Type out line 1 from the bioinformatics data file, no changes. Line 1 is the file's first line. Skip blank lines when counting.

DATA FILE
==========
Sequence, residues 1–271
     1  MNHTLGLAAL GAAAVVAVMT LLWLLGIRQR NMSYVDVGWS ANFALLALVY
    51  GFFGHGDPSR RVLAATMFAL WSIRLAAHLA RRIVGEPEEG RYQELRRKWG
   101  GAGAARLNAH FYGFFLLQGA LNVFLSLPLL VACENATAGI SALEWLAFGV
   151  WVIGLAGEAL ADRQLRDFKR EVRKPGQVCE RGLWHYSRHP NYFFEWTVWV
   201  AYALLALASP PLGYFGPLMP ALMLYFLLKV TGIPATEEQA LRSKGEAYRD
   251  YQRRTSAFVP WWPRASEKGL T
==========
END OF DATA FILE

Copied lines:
Sequence, residues 1–271